Published April 4, 2017
by Christian Miller
At the flagship computer architecture conference ASPLOS, researchers working at the liminal edge between hardware and software introduce concepts that will appear in the consumer market in five to ten years. Throughout its first 21 years, the prestigious conference never accepted a single paper from UB. In 2017, Jerry Ajay fixed that.
Jerry and his advisor, Wenyao Xu, work to design better 3D printing practices. "My paper proposes and achieves a 25% reduction in energy consumption in the 3D printing process," Jerry said. "From a naive perspective, we analyze traits of the workload and then alter it on the operating system (OS) of a 3D printer so that printing takes place in an efficient manner by power gating the orientation of the X and Y motors so they're switched off most of the time." When integrated circuit blocks are shut off, they don't waste electricity.
ASPLOS is the common nickname for the ACM International Conference on Architecture Support for Programming Languages and Operating Systems. Jerry and Wenyao attended its 2017 annual meeting in Xi'An, China.
This project is only the first step in a planned line of improvements. "3D printing is new. We might be able to reduce this percentage even further," he continues. "Our second paper will be focused on implementing safety in 3D printers. Right now, they're very susceptible to damage. Anything could go wrong, especially damage to the nozzle being suspended due to collisions. We want to implement significant changes in the 3D printing operating system. These problems are very unique to the OS of 3D printers."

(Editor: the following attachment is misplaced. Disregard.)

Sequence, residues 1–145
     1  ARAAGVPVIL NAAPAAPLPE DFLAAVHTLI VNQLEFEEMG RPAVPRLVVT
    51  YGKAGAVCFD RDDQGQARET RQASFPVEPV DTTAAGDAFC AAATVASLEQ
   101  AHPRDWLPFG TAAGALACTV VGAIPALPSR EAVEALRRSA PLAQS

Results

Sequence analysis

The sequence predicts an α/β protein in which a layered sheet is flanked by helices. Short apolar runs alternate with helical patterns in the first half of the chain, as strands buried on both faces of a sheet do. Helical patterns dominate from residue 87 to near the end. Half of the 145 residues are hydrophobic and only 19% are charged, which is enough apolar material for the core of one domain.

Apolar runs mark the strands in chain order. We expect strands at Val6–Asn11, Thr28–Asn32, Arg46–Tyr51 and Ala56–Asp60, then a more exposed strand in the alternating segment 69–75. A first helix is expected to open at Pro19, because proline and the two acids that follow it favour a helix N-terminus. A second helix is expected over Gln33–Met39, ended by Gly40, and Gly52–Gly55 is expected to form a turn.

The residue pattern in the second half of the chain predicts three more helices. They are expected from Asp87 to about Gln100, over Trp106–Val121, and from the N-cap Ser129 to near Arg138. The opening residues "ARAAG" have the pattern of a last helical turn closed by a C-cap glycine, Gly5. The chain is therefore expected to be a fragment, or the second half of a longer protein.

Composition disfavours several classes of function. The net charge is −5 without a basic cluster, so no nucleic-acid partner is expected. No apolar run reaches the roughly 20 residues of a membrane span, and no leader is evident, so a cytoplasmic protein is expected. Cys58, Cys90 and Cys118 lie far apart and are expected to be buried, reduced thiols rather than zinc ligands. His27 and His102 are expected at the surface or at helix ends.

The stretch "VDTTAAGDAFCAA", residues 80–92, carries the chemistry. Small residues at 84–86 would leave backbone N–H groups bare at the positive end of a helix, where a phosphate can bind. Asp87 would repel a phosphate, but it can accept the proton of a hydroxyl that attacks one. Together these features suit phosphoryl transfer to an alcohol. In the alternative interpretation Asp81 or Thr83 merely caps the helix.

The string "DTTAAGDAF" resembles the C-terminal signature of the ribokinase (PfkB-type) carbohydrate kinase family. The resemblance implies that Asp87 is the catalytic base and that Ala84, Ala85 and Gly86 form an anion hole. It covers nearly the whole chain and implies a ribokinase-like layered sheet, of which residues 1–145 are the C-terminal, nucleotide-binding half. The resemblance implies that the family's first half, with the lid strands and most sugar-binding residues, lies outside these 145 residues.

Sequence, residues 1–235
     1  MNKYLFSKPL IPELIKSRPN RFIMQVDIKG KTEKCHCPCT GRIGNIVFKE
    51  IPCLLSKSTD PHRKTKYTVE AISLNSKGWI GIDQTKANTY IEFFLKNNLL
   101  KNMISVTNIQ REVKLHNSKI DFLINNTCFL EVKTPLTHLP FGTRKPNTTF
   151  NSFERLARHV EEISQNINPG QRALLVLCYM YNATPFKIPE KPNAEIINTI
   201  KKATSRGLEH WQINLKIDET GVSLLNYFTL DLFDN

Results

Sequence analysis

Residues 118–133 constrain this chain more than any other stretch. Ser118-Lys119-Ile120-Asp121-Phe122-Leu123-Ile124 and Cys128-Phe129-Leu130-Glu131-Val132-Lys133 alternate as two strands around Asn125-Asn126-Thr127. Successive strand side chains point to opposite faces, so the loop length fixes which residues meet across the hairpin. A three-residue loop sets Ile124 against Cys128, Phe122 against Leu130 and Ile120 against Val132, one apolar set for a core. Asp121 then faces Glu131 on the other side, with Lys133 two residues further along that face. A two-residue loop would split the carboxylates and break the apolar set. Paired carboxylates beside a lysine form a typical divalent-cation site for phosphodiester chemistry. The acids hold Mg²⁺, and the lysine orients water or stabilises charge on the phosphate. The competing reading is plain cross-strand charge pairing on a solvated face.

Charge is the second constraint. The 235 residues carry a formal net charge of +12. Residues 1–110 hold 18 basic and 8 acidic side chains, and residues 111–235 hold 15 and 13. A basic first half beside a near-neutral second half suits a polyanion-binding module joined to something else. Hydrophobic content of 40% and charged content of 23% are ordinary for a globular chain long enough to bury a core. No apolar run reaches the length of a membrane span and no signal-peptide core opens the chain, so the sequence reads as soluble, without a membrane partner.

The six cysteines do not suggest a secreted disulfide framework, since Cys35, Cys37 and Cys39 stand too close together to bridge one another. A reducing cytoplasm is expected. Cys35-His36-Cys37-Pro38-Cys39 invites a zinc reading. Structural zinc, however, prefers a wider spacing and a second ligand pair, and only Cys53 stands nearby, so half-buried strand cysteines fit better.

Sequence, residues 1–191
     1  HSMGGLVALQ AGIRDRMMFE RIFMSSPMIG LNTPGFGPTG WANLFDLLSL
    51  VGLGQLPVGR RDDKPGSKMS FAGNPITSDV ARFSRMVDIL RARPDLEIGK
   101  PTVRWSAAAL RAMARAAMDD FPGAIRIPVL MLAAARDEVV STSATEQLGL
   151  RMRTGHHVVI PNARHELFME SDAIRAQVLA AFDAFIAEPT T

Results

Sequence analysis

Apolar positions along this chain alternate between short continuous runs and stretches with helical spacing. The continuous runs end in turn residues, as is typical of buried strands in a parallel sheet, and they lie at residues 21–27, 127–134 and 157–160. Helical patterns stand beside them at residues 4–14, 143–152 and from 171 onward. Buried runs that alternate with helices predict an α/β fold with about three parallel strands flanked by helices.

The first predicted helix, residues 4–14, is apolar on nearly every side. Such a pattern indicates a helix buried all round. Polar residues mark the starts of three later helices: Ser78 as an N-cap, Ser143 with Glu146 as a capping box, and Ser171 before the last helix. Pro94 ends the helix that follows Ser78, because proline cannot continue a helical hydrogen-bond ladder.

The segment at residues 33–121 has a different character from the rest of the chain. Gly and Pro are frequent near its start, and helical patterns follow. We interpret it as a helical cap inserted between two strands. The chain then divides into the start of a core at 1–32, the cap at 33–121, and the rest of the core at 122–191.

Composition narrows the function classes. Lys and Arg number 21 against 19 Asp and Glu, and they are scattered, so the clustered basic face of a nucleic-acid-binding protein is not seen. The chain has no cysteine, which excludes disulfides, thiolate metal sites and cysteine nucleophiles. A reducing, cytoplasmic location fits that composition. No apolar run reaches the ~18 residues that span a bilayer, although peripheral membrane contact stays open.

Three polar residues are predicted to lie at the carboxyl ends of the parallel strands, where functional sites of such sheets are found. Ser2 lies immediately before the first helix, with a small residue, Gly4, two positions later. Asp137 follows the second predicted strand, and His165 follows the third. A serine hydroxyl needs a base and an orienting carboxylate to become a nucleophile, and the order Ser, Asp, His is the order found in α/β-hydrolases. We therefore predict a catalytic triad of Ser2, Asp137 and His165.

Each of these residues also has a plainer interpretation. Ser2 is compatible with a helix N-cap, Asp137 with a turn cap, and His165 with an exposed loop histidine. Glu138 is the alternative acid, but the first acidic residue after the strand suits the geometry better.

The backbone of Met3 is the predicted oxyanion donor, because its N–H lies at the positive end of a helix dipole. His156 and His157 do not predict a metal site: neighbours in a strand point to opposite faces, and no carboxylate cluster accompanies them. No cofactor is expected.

From a workaday perspective, they start with the freely-available, open source Marlin 3D printer firmware, then implement improvements as customized code modules. They measure the success of their results with satisfiability modulo theories solvers such as Z3.
Jerry arrived in Buffalo after earning his BS from Bangalore University in 2013. He found it to be "cultural shock" but in a good way. "Diversity, different people who come here. You end up learning how to interact with people from different cultures. That's really exciting and fun in itself. You can make friendships and meet people from all over the world to build your network."
"Above all, UB is situated in a very nice location. You live in a part of the city with no traffic jam, that's very quiet and peaceful, and situated near a lake, where I can walk around when I need a break. The people are friendly and helpful. The notion of a suburb is different from India, where everybody likes being in the city. People in Buffalo like to stay in the suburbs because it is more quiet and peaceful."
Now Jerry and his girlfriend, who's in med school at the
University of Rochester, are sold on the region. Jerry hopes
to win a faculty position in Western New York some day. "That
is my dream position. I come from a medium-sized city in
India, and after I come here, now I'm in my fourth year in Buffalo,
I find a little discomfort in moving to a big city again. I
like Western New York." He smiles. "The weather doesn't
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